To The North!

Through a glacial, U-shaped valley (probably).

Today I traveled to the northernmost part of the UK: the island of Unst at the top of the Shetland Isles.  Despite having lived in Shetland my whole life I don’t recall ever visiting Unst, though apparently I had been before when I was really young.  Getting to Unst is a bit of a stretch; tens of miles of road over the most beautiful, desolate scenery you can find and then two surprisingly comfortable ferries.  It’s a journey which proudly displays the variety of Shetland’s topography and human habitation.  We traveled through hills long ago ravaged by glaciers and watched as pollutant horrors burned on the horizon at the Sullom Voe oil terminal.  Many times, particularly through the island of Yell, it appeared that human civilisation had been left behind completely, so sparse is the landscape.

The Arctic beckons in the north.

Our first stop was the most northern beach in the UK, Skaw Beach.  After passing one of those boat-roof huts tourists seem to rave about, we explored the beach.  The river’s neat path carved into the sand impressed a respect for natural processes – aided by the fact I’m currently reading about Lovelock’s Gaia theory.  Our planet is amazing.  Next was a lovely building which used to have a purpose for the former RAF base, where I drank coffee and ate chocolate cake.

While I’m raving about geography, the geology of Unst is incredible.  I’m not greatly informed about it but I know the island is comprised predominantly of two different kinds of rock.  It shows.  Half of the island is like most of Shetland; moorland of grass or heather, with the occasional rocky outcrop of glacial till.  The other half, however, was a geographical delight.  It was as if the sky had opened up and let loose a barrage of rocks.  Presumably this rock is weaker and was therefore further pulverised by glaciers in the last Ice Age than the other side of the island, though that’s just me guessing.

I’m surfing wrong, aren’t I?

Another fascinating stop was the Muness Castle.  While not as famous nor as large as Scalloway Castle, it had its own charm.  It is very hard to visualise an open, drafty upper floor as once having been the base of powerful comfort.  How soon things decay.  Will our own structures, so seemingly stable today, collapse within another 500 years?

When you live somewhere, you forget how beautiful it really is.  I’m eager to leave Shetland to move on to new things but I am glad to have been brought up in such a great place.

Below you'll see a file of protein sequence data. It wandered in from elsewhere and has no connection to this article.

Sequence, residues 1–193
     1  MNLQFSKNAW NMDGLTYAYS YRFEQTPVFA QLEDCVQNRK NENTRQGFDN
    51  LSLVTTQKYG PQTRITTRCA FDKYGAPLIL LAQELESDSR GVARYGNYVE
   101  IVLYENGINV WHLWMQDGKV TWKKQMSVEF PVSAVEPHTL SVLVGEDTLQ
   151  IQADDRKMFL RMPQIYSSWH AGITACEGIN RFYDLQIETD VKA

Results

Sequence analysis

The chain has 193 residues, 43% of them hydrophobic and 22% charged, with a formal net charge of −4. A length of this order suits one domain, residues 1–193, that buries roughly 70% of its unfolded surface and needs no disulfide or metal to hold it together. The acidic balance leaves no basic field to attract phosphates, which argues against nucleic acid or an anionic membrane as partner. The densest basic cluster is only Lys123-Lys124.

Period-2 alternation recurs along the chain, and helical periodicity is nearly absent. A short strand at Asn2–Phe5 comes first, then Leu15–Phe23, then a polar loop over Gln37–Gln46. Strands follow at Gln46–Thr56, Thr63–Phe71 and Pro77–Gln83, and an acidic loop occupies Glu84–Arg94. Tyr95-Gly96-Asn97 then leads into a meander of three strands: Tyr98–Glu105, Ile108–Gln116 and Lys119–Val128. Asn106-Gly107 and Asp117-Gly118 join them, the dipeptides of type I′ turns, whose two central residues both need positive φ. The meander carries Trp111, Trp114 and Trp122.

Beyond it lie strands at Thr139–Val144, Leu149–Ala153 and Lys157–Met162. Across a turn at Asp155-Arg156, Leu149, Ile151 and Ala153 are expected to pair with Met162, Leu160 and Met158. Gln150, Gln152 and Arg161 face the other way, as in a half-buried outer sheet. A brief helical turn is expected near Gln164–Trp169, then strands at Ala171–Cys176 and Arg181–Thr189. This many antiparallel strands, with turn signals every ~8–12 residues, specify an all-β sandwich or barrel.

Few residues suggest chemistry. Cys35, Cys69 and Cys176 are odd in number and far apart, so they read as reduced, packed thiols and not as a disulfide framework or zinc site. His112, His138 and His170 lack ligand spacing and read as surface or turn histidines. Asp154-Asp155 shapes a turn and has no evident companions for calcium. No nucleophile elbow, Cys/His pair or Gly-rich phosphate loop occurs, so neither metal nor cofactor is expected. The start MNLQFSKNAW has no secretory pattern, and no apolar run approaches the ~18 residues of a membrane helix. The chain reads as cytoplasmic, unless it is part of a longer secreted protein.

Also, this has to be the best bus-shelter in the country:

Brief University Update: St. Andrews

Today, my tour of Scottish universities, having previously covered Glasgow and Edinburgh, was rounded off with a look at the University of St. Andrews.  Having fallen in love with Edinburgh and its university, I almost felt like a fraud being shown around St. Andrews, and then having a personal discussion with a representative from the university over aspects of studying there.  St. Andrews has a reputation of snobbery, of privilege – Prince William, for instance – and of existing in a state of Splendid Isolation, so I was curious how far these perceptions would be challenged by reality, and whether I could be tempted away from Edinburgh.

On the whole, the visit failed in its intentions.  Upon first arriving at the town of St. Andrews, despite the picturesque scenery of green fields and massive rivers – which are mostly alien to me – it became clear that this is not somewhere I would thrive in.  The streets, quiet and plain (possibly due to students, a third of the town’s population, being on Easter break) are eerily similar to those you might find in the town of Lerwick in Shetland, where I live – the sort of streets I would really like a change from.  By no means is St. Andrews dislikeable town with its coastal and historic beauty, but having just arrived from Edinburgh it really does lack in areas such as research opportunities, literary and political activity, the diversity you could only find in a city, etc.  And I would imagine the view of endless golf courses might become tiring and claustrophobic after four years.